A heritage ignored no more
Exhibit highlights Cape Verdean backbone of New Bedford’s whaling industry
NEW BEDFORD — Jim Lopes’s great-grandfather was a New Bedford whaler who emigrated from Cape Verde in 1873. Lopes’s grandfather also worked on the ships in the waning days of whaling prominence in this coastal city.
Yet Lopes, who grew up four blocks from the New Bedford Whaling Museum on Johnny Cake Hill, remembers feeling little connection to the city’s chief cultural institution, chronicler of his ancestors’ livelihood. In those days, the museum emphasized the industry’s Yankee captains and financiers, not its diverse crews.
For him and others with similar backgrounds, he recalled, “It was not a welcoming place.’’
That impression has changed dramatically in recent years, with the staff of the 107-year-old museum working diligently to honor those from other cultures — the backbone of an industry that made New Bedford the wealthiest city on earth, per capita, in the mid-19th century.
A new exhibit opening July 5 will focus on Cape Verdean heritage and the island nation’s contributions to New Bedford whaling. To kick off the exhibit, the museum will host several cultural events next week.
Lopes, an entertainment lawyer and professor at the University of Massachusetts Dartmouth, now serves as the museum’s vice president of education and programming. He was instrumental in soliciting the Cape Verdean community for donations of family keepsakes — photos, uniforms, logbooks — for the new exhibit, which opens on Cape Verde’s Independence Day. For more than a decade, he has been filming interviews about Cape Verdean whaling in America.
“It should have been done 20 years ago,’’ he said last week, sitting in the spacious brick atrium of the museum, large enough to accommodate the suspended skeletons of three leviathans, including a 66-foot blue whale. “The generation that’s passing now are the last children of the last whalers.’’
New Bedford was a true globalization pioneer, said the museum’s president, James Russell. By the mid-1800s, fleet owners were importing deckhands from across the Atlantic while shipping spermaceti oil overseas to light the streetlamps of London.
“The New York Yacht Club sailed into New Bedford Harbor,’’ said Russell, a Harvard graduate who was born in Ireland. “That’s how much cash was in this area.’’
New Bedford’s fortunes have flagged since the decline of the city’s key industry a century ago. With 91,000 annual visitors, the Whaling Museum is a linchpin in what is now a modest local economy.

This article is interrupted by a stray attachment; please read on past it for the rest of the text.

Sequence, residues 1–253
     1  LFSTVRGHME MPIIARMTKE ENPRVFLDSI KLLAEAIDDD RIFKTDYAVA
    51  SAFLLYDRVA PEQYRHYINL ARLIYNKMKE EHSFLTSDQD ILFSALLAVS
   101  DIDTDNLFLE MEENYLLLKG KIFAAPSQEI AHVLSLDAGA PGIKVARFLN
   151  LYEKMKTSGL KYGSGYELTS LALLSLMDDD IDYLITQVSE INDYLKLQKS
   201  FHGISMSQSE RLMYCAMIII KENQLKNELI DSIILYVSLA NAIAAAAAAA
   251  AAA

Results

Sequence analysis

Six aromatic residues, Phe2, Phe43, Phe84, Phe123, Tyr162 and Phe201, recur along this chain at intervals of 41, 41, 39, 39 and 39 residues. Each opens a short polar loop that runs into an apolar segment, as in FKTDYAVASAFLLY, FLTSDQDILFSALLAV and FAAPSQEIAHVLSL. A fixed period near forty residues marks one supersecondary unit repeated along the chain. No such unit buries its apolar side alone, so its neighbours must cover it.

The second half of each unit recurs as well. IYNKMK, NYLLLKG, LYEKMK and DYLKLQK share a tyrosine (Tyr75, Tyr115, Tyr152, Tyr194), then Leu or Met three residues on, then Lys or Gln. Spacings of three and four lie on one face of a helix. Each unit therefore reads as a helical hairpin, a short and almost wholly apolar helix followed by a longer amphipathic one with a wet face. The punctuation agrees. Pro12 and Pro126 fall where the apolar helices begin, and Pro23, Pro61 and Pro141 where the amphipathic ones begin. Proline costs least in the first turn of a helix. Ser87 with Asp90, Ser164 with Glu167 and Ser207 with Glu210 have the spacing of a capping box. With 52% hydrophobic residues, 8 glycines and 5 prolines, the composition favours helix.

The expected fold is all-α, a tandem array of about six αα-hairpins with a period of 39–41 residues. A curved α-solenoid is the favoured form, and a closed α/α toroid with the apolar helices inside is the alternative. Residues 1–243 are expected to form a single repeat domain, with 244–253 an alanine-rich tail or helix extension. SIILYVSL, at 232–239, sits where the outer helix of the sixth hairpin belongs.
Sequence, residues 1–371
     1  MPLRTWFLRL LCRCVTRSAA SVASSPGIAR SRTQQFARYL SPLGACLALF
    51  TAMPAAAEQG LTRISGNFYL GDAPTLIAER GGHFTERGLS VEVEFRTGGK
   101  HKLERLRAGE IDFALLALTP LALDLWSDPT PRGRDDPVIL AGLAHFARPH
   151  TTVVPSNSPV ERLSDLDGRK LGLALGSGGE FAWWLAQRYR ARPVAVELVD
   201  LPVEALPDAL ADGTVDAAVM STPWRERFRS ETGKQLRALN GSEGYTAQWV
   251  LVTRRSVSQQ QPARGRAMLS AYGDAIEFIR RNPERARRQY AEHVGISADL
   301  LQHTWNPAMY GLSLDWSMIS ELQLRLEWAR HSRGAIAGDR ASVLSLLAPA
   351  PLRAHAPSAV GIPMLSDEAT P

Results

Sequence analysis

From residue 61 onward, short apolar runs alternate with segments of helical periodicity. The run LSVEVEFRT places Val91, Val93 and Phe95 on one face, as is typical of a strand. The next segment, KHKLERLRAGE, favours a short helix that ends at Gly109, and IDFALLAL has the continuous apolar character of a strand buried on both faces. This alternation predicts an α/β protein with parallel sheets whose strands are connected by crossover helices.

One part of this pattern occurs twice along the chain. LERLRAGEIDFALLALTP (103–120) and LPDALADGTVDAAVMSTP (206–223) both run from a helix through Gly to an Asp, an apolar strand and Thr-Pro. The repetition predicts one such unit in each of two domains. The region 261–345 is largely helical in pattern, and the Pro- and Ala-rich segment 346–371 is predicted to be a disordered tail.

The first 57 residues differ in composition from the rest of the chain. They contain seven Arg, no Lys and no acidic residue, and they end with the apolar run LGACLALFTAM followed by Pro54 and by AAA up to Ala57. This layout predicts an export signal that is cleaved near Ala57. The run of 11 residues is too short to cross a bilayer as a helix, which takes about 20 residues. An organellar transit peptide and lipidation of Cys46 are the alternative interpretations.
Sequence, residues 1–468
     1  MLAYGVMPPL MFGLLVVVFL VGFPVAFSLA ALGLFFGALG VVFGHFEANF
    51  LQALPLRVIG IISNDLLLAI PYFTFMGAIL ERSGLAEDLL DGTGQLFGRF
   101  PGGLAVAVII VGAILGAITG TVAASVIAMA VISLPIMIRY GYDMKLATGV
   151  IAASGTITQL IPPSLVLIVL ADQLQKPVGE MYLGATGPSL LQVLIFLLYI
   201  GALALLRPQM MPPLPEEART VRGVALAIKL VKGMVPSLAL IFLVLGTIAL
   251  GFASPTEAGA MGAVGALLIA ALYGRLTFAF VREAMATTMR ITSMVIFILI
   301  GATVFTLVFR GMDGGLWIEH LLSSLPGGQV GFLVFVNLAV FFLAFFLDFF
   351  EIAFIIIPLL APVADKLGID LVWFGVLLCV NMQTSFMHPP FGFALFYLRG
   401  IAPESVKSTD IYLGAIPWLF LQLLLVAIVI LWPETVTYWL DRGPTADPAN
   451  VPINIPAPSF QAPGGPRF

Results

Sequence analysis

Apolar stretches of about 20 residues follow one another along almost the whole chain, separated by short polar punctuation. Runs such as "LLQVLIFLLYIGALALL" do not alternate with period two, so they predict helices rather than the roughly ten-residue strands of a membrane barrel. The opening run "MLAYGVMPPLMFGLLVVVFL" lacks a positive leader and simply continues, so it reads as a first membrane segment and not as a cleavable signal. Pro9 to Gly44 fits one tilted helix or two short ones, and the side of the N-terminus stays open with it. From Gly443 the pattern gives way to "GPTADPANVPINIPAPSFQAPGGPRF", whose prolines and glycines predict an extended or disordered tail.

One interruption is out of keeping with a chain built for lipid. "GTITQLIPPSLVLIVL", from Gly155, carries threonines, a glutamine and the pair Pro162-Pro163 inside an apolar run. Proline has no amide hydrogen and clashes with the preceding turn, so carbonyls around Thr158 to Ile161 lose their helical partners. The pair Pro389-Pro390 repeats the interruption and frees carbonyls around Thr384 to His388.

Earlier this month, President Pedro Pires of Cape Verde traveled to New Bedford for a preview of the exhibit. The museum’s emphasis on immigrant cultures is a welcome development, the president said through an interpreter. Admiring a grainy photo of a Cape Verdean whaler, Pires said he could see determination in the man’s eyes and body language.
Decades after the collapse of the whaling industry, another wave of Cape Verdeans began arriving in New Bedford in the 1970s, when the country declared its independence from Portugal. It continues today: Of New Bedford’s 100,000 residents, an estimated 9,000 are Cape Verdeans, with many more in the immediate area. For his people, Pires said, America remains a land of hope.
The museum’s Cape Verdean initiative is “a terrific step forward,’’ said Dr. Laura Pires-Hester, an anthropologist and member of the Ernestina Commission, which oversees a historic Massachusetts schooner that served as a Cape Verdean packet ship. In 1982, the Cape Verdean government gave the Ernestina to the people of the United States; it is now part of the New Bedford Whaling National Historic Park.
“The Cape Verdean-American experience on the southeast coast is one that has not been widely known,’’ Pires-Hester said. “It’s a relationship that’s very positive, with constant replenishment, as people move back and forth.’’
The upcoming events, all free, will feature a crash course in speaking Cape Verdean “crioulo,’’ or Creole, and two nights of indigenous music, art, and literature.
Russell readily acknowledges that the museum long undervalued the immigrant experience. After launching a similar exhibit dedicated to the city’s Azorean population a year ago, he said the new programs and exhibit are just the beginning of a long-term commitment to the local Cape Verdean community.
“You don’t just put on an exhibit and then let it die,’’ he said.
He credited Lopes with galvanizing the museum’s effort. The New Bedford native created an extensive wish list of items for the exhibit, and he instructed his colleagues in the customs of his heritage.
Shortly after assuming his leadership role at the museum, Russell sought out Marilyn Halter, a Boston University history professor who married a Cape Verdean descendant and published a book about Cape Verdean immigration based on her doctoral dissertation. The community was a priority, the incoming director promised.
When Halter was working on her dissertation in the 1980s, she lived within walking distance of the museum. At the time, she said, “They were of no help to me whatsoever.’’
Now, she is thrilled to see the Cape Verdean exhibit come to fruition. “It brought tears to my eyes,’’ she said.
Halter’s stepdaughter, Marcy DePina was born and raised in New Bedford. Now living in Newark, N.J., she is working toward a degree in ethnomusicology while producing a Cape Verdean radio show and BET’s “Soul of Africa’’ program. Although she loved visiting the museum as a child, she recalls being dismayed that the few photos of Cape Verdeans were not identified.
Now, DePina’s 8-year-old son will feel a strong Cape Verdean presence the next time they visit the museum.
“It’s exciting for him to see his ancestry as a living, breathing part of that,’’ she said.
James Sullivan can be reached at email@example.com.